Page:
Mass Spectroscopy

  • Created by: LBCW0502
  • Created on: 22-11-18 18:38
What do the following techniques give information about?
NMR (locations of atoms within a molecule), IR (functional groups within a molecule), UV-Vis (conjugation), X-ray crystallography (3D arrangement of molecule), MS (fragmentation pattern, structure of molecule) - techniques are complementary
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What is a mass spectrometer?
A technique which measures molecules in the gas phase (ionised form). Charged species are generated and then sorted based on their mass to charge ratio (m/z)
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What is MS used for in pharmaceutical analysis?
Characterisation of potential drugs, drug degradation product analysis, PK bioavailability studies
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MS is used for which biomolecules in characterisation?
Peptides, proteins and antibodies. Oligonucleotides and synthetic polymers
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What is MS used for in environmental analysis?
Pesticides in food, soil/groundwater contamination
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How is MS used in forensic/clinical analysis?
Criminology, DNA, fingerprints, blood analysis
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What are the components of a mass spectrometer?
Sample injected (from syringe, HPLC/GC/solid), ionisation (ion source), mass analyser (ions separated by m/z), ion detector - system takes place in a high vacuum
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What is mass spectrometry?
Generation/separation/characterisation of gas phase ions according to their relative mass as a function of charge (m/z). Qualitative/quantitative tool, analysis 10^-15 g and 10^-21 mol for proteins. Used in molecular biology, semiconductors, etc.
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Describe features of the mass spectrum (1)
Ion abundance vs m/z ratio. Base peak (most abundant ion, usually 100%). Peak intensities relative to base peak as percentage. Molecule loses e- during ionisation. Molecular ion observed (gives molecular weight), M+ peak
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Describe features of the mass spectrum (2)
When a molecule loses a valence electron, bonds are broken or ion formed quickly fragments to lower energy ions. Neutral ions are not recorded
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Describe features of mass resolution
The ability to distinguish between ions differing slightly in m/z ratio. Two methods. A m/z of lowest mass peak divided by difference in m/z of peaks. Or delta m/z is the full width of peak at half maximum height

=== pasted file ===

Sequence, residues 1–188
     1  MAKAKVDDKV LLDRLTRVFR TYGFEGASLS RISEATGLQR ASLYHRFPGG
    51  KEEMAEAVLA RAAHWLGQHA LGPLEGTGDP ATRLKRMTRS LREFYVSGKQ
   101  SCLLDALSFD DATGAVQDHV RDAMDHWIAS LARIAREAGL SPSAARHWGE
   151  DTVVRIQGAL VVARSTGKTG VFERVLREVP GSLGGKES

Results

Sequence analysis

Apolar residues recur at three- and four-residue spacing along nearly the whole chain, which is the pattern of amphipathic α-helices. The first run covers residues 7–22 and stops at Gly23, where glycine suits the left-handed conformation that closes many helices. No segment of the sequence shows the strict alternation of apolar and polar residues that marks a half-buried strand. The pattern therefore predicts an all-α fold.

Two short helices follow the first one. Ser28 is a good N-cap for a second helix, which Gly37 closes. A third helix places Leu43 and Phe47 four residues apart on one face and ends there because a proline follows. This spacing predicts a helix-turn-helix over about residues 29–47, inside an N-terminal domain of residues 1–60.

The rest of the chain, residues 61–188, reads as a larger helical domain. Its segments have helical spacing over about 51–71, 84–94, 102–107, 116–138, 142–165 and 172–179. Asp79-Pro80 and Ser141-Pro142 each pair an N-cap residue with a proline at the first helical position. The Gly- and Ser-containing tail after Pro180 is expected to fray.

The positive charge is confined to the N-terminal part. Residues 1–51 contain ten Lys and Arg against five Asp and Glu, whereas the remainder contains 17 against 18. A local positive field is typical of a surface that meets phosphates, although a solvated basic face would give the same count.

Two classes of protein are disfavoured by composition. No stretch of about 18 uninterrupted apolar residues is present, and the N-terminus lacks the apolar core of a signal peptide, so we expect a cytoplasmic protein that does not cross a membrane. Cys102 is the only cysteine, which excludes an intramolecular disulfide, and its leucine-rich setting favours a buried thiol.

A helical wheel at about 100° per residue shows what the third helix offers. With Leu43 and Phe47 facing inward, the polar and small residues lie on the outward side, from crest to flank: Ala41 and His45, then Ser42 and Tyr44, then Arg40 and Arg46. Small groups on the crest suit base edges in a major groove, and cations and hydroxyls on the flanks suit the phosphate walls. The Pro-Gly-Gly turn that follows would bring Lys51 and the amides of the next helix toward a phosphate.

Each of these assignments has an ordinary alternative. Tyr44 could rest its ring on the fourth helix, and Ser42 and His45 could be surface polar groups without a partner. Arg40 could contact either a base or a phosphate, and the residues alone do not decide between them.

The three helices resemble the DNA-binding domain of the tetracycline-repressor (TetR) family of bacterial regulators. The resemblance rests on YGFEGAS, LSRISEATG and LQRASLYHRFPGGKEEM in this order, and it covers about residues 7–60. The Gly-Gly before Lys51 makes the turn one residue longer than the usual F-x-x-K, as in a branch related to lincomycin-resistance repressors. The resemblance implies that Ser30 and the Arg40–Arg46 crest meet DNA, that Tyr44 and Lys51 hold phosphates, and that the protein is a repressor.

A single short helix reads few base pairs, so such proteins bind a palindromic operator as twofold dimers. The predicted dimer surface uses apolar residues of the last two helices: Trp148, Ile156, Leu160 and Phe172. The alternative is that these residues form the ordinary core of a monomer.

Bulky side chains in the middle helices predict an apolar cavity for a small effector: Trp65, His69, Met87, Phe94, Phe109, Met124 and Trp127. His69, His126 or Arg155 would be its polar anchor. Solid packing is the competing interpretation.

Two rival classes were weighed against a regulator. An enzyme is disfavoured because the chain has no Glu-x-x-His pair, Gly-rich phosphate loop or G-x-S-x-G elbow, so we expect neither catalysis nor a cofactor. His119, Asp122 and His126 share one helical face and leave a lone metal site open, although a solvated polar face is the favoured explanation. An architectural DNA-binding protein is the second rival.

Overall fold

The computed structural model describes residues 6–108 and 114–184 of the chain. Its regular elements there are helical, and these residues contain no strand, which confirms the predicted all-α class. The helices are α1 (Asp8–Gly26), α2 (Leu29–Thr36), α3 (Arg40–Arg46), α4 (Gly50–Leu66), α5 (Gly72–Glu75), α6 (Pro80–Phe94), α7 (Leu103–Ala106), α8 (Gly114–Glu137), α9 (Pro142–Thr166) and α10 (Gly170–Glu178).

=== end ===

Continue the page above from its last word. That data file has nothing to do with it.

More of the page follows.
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Compare the resolution when using a quadrupole or time of flight
Time of flight has a better resolution due to having separated and sharp peaks (quadrupole has broader peaks with overlapping signals)
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In the mass spectrum for acebutolol, which unusual peaks are observed and why?
Peak after M+ peak and a solvent peak e.g. H2O. Isotopes will contribute to the MS (e.g. M+1 peak) - C, H, O, N and S (abundance %).
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Describe features of the monoisotopic and nominal mass
Monoisotopic mass (sum of exact masses of atoms within a molecule). Nominal mass (sum of average masses/isotopes of atoms within the molecule) - both give different values, M+1 and M+2 peaks
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Describe features of the isotopic peaks for chlorine
Diagnostic, M+2 isotope is prevalent. 35Cl and 37Cl in a 3:1 ratio. M+2 peak would be ~24% the size of the M+ peak if Cl is present
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Describe features of the isotopic peaks for chlorine
Diagnostic, M+2 isotope is prevalent. 79Br and 81Br in a 1:1 ratio. M+2 peak would be about the size of the M+ peak if Br is present
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Describe the isotopic peaks in insulin
For very large molecules, M+1, M+2 and M+3 bands become very important. Molecular ion(s) of insulin (257 atoms). Molecules that are completely 12C are now rare. At least 3 Cs are 13C
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Summarise resolution, accuracy and range on the MS
Mass range (range which contains peak). Resolution (width of peak at half height). Measured mass (m/z at peak point). True mass (shift in peak). Accuracy (closeness of measured mass to true mass)
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What is the effect of ionisation on the MS?
MS uses magnetic/electric fields to control the path of a compound based on m/z ratio. More charge leads to a lower m/z ratio e.g. COOH and OH (138), COO- and OH at pH 3 (137), COO- and O- at pH 8 (68)
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Describe features of ionisation
Have to convert flow of liquid from syringe or liquid chromatography system into gas phase before MS analysis. Different forms of ionisation from liquid into gas. Electron Impact. Electrospray ionisation, Matrix Assisted Laser Desorption Ionisation
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Describe features of electron impact
Analyte vapour enters from insertion probe. Sample bombarded with electrons. Trap (collect anions). Filament at 70 eV. Cations passed through to analyser. Harsh technique. System involves magnets and takes place in a vacuum